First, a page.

GUEST OPINION: Positives of fluoridation far outweigh negatives – July 11, 2013
Penny Vanderwolk, Sonoma County Oral Health Task Force.
Claim: “All credible and current medical science supports fluoridation as the single most effective strategy for preventing dental caries.”
Response: (1) (2) (3) (4).
Claim: “I also think that most of the very smart, thoughtful opponents to fluoridating the water would agree.”
Response: (5) (6) (7) (8).
Claim: “I wish that, instead of putting up these poorly supported arguments in face of the many credible scientific studies demonstrating that water fluoridation is safe and effective, they would be honest about their true fears.”
Response: “The [York] review team was surprised that in spite of the large number of studies carried out over several decades there is a dearth of reliable evidence with which to inform policy” (9); “Water fluoridation at 0.7 mg/L is not adequate to protect against known or anticipated adverse effects and does not allow an adequate margin of safety to protect young children, people with high water consumption, people with kidney disease (resulting in reduced excretion of fluoride), and other potentially sensitive population subgroups” (10); “A lifetime of excessive fluoride ingestion will undoubtedly have detrimental effects on a number of biological systems in the body and it is illogical to assume that tooth enamel is the only tissue affected by low daily doses of fluoride ingestion” (11).
Claim: “The reality is that sometimes, public health and safety must trump personal freedoms.”
Claim: “It’s why we add chlorine to the water to prevent infectious diseases.”
Response: Chlorine treats the water; fluoridation treats people via the water – big difference (13) (14).
Claim: “To those who would say we can’t afford it, I say we can’t afford not to. Studies clearly demonstrate that for every $1 spent on water fluoridation, $38 is saved on treatment.”
Response: These frequently-cited figures are seriously flawed (15).
Claim: “In my opinion, fluoridating our water is good for our health, our wallets and our children’s future. I’m willing to give up a little of my personal freedom for all that…”
Response: “Although the prevalence of caries varies between countries, levels everywhere have fallen greatly in the past three decades, and national rates of caries are now universally low. This trend has occurred regardless of the concentration of fluoride in water or the use of fluoridated salt, and it probably reflects use of fluoridated toothpastes and other factors, including perhaps aspects of nutrition” (16); “Sweden rejected fluoridation in the 1970s and, in this excellent book, these three scientists have confirmed the wisdom of that decision. Our children have not suffered greater tooth decay, as World Health Organization figures attest, and in turn our citizens have not borne the other hazards fluoride may cause. In any case, since fluoride is readily available in toothpaste, you don’t have to force it on people” (17); “There is insufﬁcient ethical justiﬁcation for artiﬁcial water ﬂuoridation” (18); “Large temporal reductions in tooth decay, which cannot be attributed to fluoridation, have been observed in both unfluoridated and fluoridated areas of at least eight developed countries over the past thirty years. It is now time for a scientific re-examination of the alleged enormous benefits of fluoridation” (19).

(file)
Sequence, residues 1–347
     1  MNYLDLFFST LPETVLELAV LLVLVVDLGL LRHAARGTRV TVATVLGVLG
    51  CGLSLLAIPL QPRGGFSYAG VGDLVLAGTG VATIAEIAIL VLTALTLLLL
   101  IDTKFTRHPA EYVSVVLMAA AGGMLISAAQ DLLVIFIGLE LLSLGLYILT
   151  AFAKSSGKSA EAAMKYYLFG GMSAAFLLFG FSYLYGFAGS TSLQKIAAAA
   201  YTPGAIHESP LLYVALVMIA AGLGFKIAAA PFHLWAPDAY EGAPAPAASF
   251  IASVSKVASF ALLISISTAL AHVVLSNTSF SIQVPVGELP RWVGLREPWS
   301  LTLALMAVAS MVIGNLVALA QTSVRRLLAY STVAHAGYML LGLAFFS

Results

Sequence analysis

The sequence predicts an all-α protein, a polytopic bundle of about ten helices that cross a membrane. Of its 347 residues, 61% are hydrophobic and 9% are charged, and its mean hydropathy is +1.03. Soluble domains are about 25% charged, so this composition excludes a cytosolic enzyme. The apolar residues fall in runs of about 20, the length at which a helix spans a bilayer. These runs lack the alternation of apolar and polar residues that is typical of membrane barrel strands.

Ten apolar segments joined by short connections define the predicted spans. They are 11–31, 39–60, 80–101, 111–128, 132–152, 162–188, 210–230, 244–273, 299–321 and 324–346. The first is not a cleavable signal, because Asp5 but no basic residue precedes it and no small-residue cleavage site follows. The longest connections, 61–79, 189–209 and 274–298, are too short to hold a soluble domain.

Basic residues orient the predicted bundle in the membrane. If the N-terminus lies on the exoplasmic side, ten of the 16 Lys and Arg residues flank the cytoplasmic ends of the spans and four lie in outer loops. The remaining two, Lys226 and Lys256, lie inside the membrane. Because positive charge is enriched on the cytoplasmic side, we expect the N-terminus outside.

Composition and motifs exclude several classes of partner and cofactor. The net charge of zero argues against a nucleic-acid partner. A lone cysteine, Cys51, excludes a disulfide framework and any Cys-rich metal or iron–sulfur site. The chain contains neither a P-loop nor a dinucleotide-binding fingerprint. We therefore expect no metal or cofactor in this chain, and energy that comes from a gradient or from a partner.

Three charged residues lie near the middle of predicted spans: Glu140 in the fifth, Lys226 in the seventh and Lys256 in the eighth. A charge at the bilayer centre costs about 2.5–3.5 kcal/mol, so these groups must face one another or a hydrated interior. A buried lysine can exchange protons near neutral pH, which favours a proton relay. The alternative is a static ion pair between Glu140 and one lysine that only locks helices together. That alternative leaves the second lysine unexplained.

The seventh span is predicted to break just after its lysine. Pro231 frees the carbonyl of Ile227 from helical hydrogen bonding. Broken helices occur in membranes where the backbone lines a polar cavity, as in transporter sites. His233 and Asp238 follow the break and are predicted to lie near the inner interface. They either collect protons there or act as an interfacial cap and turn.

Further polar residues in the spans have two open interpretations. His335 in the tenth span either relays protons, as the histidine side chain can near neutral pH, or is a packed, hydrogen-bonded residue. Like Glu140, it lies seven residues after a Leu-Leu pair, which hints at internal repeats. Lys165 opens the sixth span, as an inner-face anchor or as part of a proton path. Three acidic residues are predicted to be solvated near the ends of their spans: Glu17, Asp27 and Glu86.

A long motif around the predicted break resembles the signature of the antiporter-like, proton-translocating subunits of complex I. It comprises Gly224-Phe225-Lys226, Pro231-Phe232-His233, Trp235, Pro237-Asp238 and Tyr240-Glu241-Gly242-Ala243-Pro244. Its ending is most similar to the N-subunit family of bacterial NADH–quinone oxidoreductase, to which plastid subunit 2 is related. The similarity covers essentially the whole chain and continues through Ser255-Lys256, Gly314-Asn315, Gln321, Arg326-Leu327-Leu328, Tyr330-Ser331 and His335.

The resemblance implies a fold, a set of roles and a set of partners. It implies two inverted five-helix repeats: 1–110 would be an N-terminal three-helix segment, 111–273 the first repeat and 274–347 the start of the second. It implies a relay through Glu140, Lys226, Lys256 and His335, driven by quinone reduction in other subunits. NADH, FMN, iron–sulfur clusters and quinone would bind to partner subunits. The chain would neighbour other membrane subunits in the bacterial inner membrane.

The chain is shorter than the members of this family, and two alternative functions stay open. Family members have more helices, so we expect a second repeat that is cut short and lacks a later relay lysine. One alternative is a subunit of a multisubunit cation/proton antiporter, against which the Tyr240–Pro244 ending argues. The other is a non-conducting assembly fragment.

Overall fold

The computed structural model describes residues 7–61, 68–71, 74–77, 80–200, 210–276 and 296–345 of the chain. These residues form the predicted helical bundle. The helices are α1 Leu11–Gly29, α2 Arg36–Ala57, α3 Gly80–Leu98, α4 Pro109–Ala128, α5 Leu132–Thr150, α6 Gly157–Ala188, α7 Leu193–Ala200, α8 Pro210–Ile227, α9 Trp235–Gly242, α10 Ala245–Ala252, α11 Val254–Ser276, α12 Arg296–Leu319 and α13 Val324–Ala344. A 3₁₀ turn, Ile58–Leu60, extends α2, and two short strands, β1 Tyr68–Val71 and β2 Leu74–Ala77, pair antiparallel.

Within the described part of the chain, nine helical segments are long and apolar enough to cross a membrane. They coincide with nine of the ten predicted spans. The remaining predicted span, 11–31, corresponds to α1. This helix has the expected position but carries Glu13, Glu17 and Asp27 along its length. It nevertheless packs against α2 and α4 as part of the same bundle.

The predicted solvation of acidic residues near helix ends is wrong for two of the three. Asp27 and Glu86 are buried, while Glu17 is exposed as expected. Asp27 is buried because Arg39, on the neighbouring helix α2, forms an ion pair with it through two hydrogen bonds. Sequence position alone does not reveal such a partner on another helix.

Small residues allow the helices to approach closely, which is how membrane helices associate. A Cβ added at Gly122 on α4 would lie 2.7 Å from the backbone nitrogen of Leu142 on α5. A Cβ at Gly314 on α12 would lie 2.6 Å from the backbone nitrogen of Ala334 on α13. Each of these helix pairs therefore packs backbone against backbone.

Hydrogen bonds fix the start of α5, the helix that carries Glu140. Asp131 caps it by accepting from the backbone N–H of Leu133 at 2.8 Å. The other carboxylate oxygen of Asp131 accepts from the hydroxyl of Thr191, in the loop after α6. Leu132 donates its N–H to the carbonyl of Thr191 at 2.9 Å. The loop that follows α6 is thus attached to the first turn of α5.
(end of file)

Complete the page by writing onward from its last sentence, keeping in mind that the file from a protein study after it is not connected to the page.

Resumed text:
Claim: “… If you’re not, well, then don’t drink the water.”
Response: “It’s ridiculous to think that people who need to escape ﬂuoride can go and organise their own water supply. We all pay our water rates for a proper clean water supply, and in ﬂuoridated towns, we’re not getting it” (20); “It [fluoridated water] will go to all households, and the poor cannot afford to avoid it, if they want to, because they will not be able to purchase bottled water or expensive removal equipment” (21).
(1) Modern fluoridation studies
(2) Topical vs. systemic
(3) The evidence of benefit is very weak
(4) So what about the so-called ‘benefits’? (TC 0:46:13)
(5) CAF review
(6) NAS panelist letters
(7) Carlsson interview
(8) Professional perspectives
(9) Sheldon letter
(10) Thiessen comments (p. 5)
(11) Limeback position statement
(12) Fluoridation is not ethical
(13) Fluoridation is a poor medical practice
(14) Water fluoridation & medical ethics
(15) A response to pro-fluoridation claims (Claim #12)
(16) Adding fluoride to water supplies
(17) Carlsson review
(18) Ethics of artiﬁcial water fluoridation in Australia
(19) The mystery of declining tooth decay
(20) Fire water (TC 0:55:17)
(21) The absurdities of water fluoridation